Djokovic waiting on vaccination rules before deciding on Australian Open

The world No 1 has not revealed whether he has been vaccinated against Covid-19

Novak Djokovic close-up AI / Reuters / Panoramic

World No 1 Novak Djokovic says he will wait until he hears the definitive ruling from Tennis Australia before deciding if he will defend his Australian Open title in January.

The Premier of the state of Victoria, Daniel Andrews, said earlier this week that only players who have been fully vaccinated against Covid-19 will be allowed in to Australia, and by extension the Australian Open.

The 34-year-old Djokovic, who has won nine of his 20 Grand Slam titles in Melbourne, told reporters in Paris on Sunday that he won’t be saying anything else on the subject until the rules on entry to Australia – and the Australian Open – are confirmed.

“I’m going to decide on whether I go to Australia or not after I see the official statement from Tennis Australia,” Djokovic said.

“Right now we don’t have any official announcement or statement. So until that’s out, I won’t be talking about this anymore, because, you know, I don’t want to be part of the stories about the assumptions and what-ifs.

“When official condition requirements to travel to Australia and play in Australia are out, then obviously I’ll see what I personally do with that, and also the bigger group of the players, you know, because the situation is obviously different in Australia than most parts of the world.”

Djokovic is one of many players who have not revealed their vaccination status, saying he prefers to keep it to himself. The ATP Tour say around 65-70 percent of its players are vaccinated, while it’s around the same percentage for WTA players.

A leaked WTA email last week said that unvaccinated players would be allowed in to Australia but would have to serve 14 days in quarantine, but the email was trumped by the statement from the state of Victoria.

The ATP also sent an email to its players, seen by Tennis Majors, telling them that while vaccination will not be mandated for its own Tour, where other events say players must be vaccinated to play, it will support that decision.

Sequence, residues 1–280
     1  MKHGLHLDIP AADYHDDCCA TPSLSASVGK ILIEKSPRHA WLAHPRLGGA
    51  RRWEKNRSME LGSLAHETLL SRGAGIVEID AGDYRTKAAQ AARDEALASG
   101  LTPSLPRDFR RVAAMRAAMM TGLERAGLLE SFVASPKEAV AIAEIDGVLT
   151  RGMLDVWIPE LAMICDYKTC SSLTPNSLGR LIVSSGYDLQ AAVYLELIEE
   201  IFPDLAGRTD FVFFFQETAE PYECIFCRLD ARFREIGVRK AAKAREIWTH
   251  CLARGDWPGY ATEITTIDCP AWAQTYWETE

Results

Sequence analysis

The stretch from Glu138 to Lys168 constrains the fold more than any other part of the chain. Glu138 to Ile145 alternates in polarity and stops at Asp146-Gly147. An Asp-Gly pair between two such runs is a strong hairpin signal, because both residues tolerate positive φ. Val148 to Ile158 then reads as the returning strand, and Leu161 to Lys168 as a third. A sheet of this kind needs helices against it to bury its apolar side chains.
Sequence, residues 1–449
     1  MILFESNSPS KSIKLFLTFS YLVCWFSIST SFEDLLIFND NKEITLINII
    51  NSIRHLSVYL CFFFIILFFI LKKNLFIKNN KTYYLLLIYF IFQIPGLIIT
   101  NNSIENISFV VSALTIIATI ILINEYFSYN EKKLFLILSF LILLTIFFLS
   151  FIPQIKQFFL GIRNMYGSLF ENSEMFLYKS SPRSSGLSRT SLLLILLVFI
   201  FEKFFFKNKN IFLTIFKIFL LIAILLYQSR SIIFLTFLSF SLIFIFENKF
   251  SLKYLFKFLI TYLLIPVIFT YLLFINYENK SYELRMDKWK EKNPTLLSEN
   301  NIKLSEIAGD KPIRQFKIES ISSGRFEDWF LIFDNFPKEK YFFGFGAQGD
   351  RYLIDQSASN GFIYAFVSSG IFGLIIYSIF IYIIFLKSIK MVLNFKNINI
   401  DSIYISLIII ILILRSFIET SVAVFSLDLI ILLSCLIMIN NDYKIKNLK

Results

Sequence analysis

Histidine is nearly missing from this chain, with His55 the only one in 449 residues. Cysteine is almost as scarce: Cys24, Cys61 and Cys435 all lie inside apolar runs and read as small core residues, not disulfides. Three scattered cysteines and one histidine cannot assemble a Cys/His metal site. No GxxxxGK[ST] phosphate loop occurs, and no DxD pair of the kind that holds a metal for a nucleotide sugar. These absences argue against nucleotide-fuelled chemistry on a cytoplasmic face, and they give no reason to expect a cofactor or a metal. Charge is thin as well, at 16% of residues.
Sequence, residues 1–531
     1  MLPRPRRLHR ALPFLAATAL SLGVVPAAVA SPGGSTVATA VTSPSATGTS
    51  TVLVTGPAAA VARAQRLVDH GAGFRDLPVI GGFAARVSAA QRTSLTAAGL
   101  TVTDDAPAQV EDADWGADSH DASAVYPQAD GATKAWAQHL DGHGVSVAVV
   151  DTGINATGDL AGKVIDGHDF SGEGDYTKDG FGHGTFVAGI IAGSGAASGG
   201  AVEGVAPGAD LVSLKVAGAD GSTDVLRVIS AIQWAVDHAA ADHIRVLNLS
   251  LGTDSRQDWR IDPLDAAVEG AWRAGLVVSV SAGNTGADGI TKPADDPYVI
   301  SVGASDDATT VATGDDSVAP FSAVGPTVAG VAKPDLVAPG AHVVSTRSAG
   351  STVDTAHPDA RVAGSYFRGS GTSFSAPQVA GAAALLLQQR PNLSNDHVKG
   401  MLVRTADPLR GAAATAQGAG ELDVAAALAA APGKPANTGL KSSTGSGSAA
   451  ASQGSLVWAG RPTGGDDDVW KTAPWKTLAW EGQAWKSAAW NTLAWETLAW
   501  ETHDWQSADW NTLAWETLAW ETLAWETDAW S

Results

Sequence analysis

Daniil Medvedev at the 2021 BNP Paribas Open at Indian Wells Tennis Garden in Indian Wells, California
Daniil Medvedev at the 2021 BNP Paribas Open at Indian Wells Tennis Garden in Indian Wells, California Image Credit: Zuma / Panoramic

Medvedev keeps his cards close to his chest

World No 2 Daniil Medvedev is another player who has been reluctant to discuss whether he has been vaccinated or plans to be vaccinated in time for the Australian Open, where, if he plays, he would be chasing his second straight Grand Slam title having won his first at the US Open in September.

“I always said it, that I really like Novak’s answer about this,” Medvedev said. “I want to keep my medical, no matter if it’s about vaccine, leg injury, head injury, whatever, I want to keep my medical private for a reason, because I feel like tennis is such a brutal sport where you’re always one on one against your opponent, and any information you give him can go against you.

“So I decided at one moment of my career, OK, I’m going to keep all of my medical, unless there is something obvious, so for example, if you’re playing Australia, it’s obvious you’re vaccinated. So that’s why I said I’m willing to play Australia, but I won’t say if you’ll see me there, but we’re gonna see in January.”

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